Strange Weather in Tokyo by Hiromi Kawakami, translated by Allison Markin Powell
Shortlisted for the Man Asian Literary Prize and the International Foreign Fiction Prize, Strange Weather in Tokyo is a sweet and poignant story of love and loneliness. Tsukiko is 38, lives alone, works in an office, and is not entirely satisfied with her life when she runs into a former high school teacher, who she knows as sensei, at a bar one night. They talk and over time this hesitant intimacy grows into something more. It’s a “moving, funny, and immersive tale of modern Japan and old-fashioned romance” while also managing to be this quiet, understated beauty of a book.
Kitchen by Banana Yoshimoto, translated by Megan Backus
Banana Yoshimoto is one of the most popular Japanese novelists around the world and despite her extensive catalog, her debut novel Kitchenremains her best-loved book. First published in 1988, Kitchen caused such a frenzy that the media dubbed the buzz around her work “Bananamania” and its English translation by Megan Backus followed in 1993—published with a companion story “Moonlight Shadow.” A beautiful and tender story of transience and love, Kitchen examines the exhaustion of young people in contemporary Japan and the ways that tragedy shapes a person’s life through the stories of heroine Mikage and her friend Yoichi and his mother, who take Mikage in when her grandmother dies.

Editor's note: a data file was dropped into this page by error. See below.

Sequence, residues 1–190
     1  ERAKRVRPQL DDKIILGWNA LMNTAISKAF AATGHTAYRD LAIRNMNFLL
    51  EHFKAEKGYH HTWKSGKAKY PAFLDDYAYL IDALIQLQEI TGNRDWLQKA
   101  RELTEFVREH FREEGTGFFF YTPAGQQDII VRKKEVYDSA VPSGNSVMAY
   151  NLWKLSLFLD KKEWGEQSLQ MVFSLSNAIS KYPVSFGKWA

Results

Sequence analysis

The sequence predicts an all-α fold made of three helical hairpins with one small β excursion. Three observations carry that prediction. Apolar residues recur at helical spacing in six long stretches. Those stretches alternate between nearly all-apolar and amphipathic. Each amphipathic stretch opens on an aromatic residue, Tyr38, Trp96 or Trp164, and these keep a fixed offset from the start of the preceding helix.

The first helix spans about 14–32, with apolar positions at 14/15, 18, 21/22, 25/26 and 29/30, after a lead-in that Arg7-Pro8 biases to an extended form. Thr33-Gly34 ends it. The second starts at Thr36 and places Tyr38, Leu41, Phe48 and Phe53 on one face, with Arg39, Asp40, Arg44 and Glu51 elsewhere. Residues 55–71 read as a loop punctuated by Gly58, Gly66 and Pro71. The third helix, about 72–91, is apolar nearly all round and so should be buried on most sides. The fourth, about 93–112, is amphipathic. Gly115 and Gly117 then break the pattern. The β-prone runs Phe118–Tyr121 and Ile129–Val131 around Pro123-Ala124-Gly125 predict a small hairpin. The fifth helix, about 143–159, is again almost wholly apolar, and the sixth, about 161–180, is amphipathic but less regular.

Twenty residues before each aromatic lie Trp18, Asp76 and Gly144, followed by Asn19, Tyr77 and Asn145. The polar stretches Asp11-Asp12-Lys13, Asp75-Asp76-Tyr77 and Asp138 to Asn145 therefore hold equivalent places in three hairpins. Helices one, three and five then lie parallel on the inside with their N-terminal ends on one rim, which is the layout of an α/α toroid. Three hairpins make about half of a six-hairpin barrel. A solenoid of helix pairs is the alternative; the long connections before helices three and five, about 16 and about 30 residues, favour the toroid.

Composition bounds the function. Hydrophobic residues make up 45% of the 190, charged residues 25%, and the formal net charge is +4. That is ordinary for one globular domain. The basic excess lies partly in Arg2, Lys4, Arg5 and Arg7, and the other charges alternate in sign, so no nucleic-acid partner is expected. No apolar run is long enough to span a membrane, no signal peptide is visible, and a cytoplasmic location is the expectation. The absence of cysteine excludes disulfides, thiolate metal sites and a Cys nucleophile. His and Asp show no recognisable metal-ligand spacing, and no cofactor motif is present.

The Emissary by Yoko Tawada, translated by Margaret Mitsutani
Yoko Tawada is one of the most fascinating writers of our time, writing stories, novels, poems, plays, and essays in both Japanese and German. Winner of the 2018 National Book Award for Translated Literature, The Emissary is her most recent novel. After an unnamed but possibly nuclear disaster, Japan has cut itself off from the rest of the world. Children are now born ancient and frail and rely entirely on their newly vigorous grandparents to care for them. In Tawada and translator Margaret Mitsutani’s gifted hands this dystopian meditation on mortality and modern Japan is both chilling and tender, haunting and hopeful.
This post was originally published on Book Riot.